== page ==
On another hand, if you actually want to damage the aircraft carrier or attempt to the life of its operating staff. A remote controlled quadcopter, octocopter, plane or whatever drone you want is not the best way to accomplish it. Just use a RPG, bazooka or whatever other more efficient explosive payload delivery system exists. You will tell me it is easier to get an hand on a drone than a bazooka, however you still have to get some semtex which shouldn't be easier to obtain than a bazooka. Delivering two k
        • by tomhath ( 637240 )
          RPG or bazooka wouldn't do anything besides blister the paint.
          • by Anonymous Coward

            2kg semtex on the deck wouldn't do more.

          • by Anonymous Coward

            A shaped charge with burning copper will do more damage than a crap pile of stable compound explosives just sitting there. This query was answered over 90 years ago. Now if you really want to damage an aircraft carrier, you should go below the water line. Ignore the queen elizabeth's flight deck, that ship won't have aircraft for another 3 or 4 years. Which i would assume means that the best way to hobble an aircraft carrier is rely on the incompetence of british parliamentary procedure, & the dimwits w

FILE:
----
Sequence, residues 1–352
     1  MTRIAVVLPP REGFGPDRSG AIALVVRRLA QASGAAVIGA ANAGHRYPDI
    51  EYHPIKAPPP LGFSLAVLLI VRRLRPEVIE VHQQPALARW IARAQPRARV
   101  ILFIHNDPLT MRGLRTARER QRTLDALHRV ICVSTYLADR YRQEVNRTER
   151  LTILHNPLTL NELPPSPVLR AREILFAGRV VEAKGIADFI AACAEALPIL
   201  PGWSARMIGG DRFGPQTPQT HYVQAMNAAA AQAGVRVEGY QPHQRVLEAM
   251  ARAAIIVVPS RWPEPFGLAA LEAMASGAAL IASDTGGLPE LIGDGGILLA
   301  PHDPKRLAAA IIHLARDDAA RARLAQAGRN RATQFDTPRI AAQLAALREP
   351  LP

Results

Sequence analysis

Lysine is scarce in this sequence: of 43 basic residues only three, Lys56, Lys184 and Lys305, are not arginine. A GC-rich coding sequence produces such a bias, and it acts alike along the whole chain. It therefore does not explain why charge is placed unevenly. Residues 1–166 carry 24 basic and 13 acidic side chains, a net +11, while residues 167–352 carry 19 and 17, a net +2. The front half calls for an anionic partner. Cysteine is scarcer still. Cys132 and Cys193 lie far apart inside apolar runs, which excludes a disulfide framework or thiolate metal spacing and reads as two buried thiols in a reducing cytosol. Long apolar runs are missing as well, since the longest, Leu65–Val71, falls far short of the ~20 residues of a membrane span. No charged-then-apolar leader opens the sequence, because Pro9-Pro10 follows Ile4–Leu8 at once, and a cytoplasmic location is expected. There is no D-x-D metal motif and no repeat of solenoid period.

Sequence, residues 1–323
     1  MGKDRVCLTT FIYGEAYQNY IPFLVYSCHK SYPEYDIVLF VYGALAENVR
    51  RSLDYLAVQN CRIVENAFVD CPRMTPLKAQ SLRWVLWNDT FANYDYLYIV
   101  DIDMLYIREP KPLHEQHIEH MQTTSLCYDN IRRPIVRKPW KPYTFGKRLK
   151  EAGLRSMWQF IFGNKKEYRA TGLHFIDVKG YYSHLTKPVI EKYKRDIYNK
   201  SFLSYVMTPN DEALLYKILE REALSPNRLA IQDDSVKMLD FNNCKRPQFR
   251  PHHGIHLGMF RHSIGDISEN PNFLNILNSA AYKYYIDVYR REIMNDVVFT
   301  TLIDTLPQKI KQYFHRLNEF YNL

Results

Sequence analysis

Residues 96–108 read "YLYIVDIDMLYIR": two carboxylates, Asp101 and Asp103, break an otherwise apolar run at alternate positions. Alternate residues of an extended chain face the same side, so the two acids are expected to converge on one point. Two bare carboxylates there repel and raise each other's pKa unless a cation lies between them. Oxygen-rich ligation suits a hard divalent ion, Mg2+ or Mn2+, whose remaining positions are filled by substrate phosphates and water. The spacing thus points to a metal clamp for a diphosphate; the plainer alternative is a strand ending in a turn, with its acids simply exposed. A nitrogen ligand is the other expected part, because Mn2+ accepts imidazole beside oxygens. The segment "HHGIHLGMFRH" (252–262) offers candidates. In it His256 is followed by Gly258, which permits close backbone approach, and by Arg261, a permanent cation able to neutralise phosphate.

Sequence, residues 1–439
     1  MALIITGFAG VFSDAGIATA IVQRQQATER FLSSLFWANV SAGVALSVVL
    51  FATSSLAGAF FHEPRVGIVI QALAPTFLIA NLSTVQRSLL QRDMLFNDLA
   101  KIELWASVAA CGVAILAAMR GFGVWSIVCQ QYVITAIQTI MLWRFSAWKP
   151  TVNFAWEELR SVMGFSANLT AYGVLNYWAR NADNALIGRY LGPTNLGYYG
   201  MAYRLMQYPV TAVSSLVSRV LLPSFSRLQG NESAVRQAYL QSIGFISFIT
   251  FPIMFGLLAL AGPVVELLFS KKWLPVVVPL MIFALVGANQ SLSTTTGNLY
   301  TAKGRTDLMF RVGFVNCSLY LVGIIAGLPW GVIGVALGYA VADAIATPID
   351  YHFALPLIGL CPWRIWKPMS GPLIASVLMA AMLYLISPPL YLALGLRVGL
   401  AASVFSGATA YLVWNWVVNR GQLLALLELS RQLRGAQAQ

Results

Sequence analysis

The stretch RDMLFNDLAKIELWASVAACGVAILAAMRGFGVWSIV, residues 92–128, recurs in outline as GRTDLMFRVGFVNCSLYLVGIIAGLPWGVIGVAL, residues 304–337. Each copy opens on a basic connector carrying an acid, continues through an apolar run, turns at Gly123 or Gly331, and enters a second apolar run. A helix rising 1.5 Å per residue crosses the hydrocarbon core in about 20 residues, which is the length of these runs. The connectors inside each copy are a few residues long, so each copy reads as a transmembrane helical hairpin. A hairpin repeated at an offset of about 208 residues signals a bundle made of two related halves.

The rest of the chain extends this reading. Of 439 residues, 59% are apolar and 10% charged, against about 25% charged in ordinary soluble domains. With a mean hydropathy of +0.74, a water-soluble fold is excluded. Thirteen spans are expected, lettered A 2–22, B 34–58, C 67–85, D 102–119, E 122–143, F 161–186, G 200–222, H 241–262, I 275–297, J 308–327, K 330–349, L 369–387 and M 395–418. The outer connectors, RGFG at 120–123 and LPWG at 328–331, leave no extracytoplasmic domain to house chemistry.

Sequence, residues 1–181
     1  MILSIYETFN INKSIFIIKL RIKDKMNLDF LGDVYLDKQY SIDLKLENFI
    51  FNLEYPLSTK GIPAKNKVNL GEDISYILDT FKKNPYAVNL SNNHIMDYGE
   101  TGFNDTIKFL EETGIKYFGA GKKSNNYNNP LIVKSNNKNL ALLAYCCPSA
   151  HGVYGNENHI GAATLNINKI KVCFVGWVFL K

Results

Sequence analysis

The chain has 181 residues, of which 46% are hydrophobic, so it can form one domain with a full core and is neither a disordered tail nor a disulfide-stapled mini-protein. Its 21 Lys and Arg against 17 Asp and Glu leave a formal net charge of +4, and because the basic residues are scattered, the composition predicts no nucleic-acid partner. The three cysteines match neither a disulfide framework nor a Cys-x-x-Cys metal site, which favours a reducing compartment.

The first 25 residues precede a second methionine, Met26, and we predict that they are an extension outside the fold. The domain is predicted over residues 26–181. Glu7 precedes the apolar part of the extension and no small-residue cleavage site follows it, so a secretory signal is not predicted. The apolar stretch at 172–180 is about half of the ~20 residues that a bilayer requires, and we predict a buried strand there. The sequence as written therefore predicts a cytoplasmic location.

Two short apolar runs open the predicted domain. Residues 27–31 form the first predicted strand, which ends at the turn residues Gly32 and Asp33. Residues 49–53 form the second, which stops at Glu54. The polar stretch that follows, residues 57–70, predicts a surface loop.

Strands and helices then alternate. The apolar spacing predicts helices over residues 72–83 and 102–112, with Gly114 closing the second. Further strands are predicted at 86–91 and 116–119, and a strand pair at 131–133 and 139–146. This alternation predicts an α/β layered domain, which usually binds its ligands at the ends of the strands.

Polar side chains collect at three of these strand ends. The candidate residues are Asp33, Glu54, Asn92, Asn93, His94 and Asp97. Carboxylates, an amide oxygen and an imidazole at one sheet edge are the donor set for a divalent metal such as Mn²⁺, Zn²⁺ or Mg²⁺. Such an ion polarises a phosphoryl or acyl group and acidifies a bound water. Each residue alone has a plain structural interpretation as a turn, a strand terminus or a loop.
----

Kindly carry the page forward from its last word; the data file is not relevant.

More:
• Yes, 2kg was the weight of explosives in the classic British limpet mine. So well below the waterline it could and did sink a ship, but in order to reliably take town a such a large vessel, and especially a man of war at that, with more and better damage control, you'd probably need a lot more than one limpet.

              When the Norwegians sank the SS Donau (a 10000 ton ship, much smaller than Queen Elizabeth) they attached ten mines, and even that gave the captain the time to beach the ship.

              So 2kg of explosives appli

            • Now if you really want to damage an aircraft carrier, you should go below the water line.

              With a drone? I think a better strategy is to fly into the elevator bay to access the hanger, and then detonate next to a fuel line or, even better, a munitions trolly.